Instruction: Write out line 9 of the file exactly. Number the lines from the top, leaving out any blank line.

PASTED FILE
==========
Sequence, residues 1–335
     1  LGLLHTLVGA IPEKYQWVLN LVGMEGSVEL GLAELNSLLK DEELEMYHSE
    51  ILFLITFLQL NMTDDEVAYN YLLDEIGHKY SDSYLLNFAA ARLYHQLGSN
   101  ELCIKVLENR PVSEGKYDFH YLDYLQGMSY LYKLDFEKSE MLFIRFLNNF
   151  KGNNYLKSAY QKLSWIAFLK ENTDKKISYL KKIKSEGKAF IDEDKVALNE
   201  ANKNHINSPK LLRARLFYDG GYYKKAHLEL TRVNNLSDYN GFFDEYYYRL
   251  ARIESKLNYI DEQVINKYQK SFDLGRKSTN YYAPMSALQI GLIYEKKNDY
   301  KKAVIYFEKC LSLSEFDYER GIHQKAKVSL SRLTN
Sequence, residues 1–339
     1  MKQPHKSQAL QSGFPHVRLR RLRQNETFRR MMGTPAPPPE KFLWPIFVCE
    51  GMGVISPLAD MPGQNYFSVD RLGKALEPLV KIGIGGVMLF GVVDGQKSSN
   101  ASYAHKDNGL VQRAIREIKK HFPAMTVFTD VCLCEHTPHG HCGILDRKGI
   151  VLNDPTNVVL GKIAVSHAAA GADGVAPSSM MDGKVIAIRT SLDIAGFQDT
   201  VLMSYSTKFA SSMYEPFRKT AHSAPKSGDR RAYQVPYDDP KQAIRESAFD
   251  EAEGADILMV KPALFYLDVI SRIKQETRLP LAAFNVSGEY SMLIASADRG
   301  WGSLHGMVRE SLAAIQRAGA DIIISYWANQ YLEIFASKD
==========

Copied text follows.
Sequence, residues 1–339